Metropolitan Baptist Church celebrates Kwanzaa holiday

Published 4:52 pm Tuesday, January 3, 2023

Members of Metropolitan Baptist Church gathered Sunday to celebrate the last day of Kwanzaa, a week-long holiday focused on African-American heritage.

Founded by Dr. Maulana Karenga, the seven days of Kwanzaa focuses on bringing families together to celebrate seven core values, Umoja (Unity), Kujichagulia (Self-Determination), Ujima (Collective Work and Responsibility), Ujamaa (Cooperative Economics), Nia (Purpose), Kuumla (Creativity), and Imani (Faith). During the last day of Imani, a feast titled Karamu is held in celebration of the holiday.

“Kwanzaa is not a religion, it doesn’t replace anyone’s religion regardless of whatever anyone’s religion affiliation is…,” explained Rev. Dr. Isaac J. Baker, who is also known by his African name Akinwale Baba Amoye. “Kwanzaa in essence really, is about an African celebration of the principal ways of living that would help one to live daily or yearly.”

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After his time in the military, Baker returned to Suffolk in the early 1990s and served with First Baptist Church Mahan, where he met his wife. Baker soon returned to MBC and is currently chairman of the Afrocentric Ministry.

“I was raised up there, I was baptized there back in the early ‘50s, then in the early 60s, I left and went into the military. In the military, you’re moving around the world, but you never forget where you come from, where your roots are,” Baker said. “You’re still the ministry’s servant, the spirit is still with you.”

Baker explained the adoption of his spiritual name, Akinwale Baba Amoye, back in 2004. He also shared more about the ceremony and how those who are conscious and afrocentric begin to feel the spirit.

“After about a month-long ceremony in preparation and then at the conclusion of that program, your name is given from the priest, and was given to him from one of the deities called Orisha,” he said.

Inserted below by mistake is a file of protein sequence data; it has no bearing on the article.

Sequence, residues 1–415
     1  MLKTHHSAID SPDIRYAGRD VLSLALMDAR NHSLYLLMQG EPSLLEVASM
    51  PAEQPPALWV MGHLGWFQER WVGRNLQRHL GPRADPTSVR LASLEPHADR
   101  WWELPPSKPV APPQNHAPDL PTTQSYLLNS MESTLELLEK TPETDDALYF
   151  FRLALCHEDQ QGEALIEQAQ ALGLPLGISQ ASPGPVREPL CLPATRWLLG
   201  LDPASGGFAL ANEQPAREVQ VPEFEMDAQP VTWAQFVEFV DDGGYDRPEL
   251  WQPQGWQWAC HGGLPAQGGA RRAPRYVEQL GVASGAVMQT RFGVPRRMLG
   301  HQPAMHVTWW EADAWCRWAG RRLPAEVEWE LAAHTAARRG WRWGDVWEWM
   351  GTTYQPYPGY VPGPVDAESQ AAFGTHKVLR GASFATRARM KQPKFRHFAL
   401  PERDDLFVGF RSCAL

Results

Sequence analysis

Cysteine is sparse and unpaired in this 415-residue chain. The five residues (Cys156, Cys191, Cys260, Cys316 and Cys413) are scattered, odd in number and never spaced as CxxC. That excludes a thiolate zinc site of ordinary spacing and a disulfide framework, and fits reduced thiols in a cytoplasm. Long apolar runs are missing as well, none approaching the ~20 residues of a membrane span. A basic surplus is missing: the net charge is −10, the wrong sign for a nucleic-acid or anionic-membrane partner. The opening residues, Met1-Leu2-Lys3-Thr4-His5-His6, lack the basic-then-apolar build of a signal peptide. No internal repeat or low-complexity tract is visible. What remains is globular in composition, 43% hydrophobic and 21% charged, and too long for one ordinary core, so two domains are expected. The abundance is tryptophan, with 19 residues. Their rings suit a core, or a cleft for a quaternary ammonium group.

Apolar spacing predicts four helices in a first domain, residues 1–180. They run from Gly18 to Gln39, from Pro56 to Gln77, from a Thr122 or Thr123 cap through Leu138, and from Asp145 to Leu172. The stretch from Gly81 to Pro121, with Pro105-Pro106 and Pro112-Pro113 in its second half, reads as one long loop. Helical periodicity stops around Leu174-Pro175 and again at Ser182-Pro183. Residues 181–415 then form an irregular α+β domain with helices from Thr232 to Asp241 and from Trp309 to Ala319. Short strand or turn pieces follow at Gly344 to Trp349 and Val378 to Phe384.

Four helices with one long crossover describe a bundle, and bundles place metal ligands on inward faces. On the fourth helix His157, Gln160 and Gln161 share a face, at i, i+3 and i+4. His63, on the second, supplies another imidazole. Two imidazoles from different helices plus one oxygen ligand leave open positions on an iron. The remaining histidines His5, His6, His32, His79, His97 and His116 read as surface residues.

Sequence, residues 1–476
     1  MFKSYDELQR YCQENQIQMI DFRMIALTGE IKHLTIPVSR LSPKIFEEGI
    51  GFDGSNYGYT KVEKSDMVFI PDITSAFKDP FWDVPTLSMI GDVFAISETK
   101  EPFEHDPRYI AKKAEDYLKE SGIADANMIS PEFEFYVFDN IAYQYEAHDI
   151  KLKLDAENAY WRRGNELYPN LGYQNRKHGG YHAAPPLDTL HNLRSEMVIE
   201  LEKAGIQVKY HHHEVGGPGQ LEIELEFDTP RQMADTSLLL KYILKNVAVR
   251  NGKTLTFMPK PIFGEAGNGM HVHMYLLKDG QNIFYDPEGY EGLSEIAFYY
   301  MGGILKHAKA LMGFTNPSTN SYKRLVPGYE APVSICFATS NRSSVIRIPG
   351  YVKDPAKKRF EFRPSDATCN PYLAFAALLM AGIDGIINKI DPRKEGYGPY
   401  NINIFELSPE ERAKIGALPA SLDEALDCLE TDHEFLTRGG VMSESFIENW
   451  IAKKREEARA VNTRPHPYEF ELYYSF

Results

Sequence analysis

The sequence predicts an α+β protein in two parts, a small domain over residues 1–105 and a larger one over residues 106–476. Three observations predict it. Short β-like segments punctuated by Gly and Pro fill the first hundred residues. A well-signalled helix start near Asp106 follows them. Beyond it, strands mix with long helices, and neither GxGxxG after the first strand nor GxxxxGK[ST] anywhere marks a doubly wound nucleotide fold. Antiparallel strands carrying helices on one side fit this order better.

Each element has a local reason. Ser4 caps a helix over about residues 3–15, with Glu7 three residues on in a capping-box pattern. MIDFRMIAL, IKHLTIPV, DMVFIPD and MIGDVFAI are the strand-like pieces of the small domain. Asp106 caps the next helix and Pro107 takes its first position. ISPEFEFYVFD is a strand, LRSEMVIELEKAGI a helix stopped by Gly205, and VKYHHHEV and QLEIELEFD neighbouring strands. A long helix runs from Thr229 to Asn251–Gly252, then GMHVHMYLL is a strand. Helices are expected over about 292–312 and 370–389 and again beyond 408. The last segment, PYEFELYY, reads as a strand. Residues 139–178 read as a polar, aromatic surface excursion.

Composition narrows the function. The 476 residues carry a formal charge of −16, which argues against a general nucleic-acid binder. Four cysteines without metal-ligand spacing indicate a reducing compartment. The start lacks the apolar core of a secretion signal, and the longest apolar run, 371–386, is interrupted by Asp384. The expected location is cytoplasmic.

Baker spoke of the church event that celebrated Imani, or “Faith.” Along with dancing and families gathering together, there was the Karamu feast.

“The Karamu feast is a feast about the meal, Baker said. “We as a family, we come together, we celebrate, we sit around the table, talk about things that happened this past year, things that we’re looking forward coming in the new year, and it’s a four course meal that we serve.”

With the blessing of their daughter and her sister, the feast included black-eyed peas, sweet potato yams, rice with turkey and corn, which represents the youth.

“The traditional was definitely on the menu, and it was on the table and it was on the plate,” Baker happily said.

Finally, Baker talked about the future of the event in 2023, along with getting ready for Black History Month, Juneteenth and honoring the ancestors of Nat Turner from Southampton County.

“We’re hoping to do it again in 2023, and each time we do it, we try to add a little more flavor to it and we try to add a little more education to it so we can educate people what Kwanzaa is all about,” he said.

“I just wish people will come out and just really watch, observe and learn what Kwanzaa is about and it’s not nothing negative, it’s very positive,” Baker said.

For more information on Metropolitan Baptist Church, visit metropolitanbaptist1.org. For information on Kwanzaa, go to the website, officialkwanzaawebsite.org.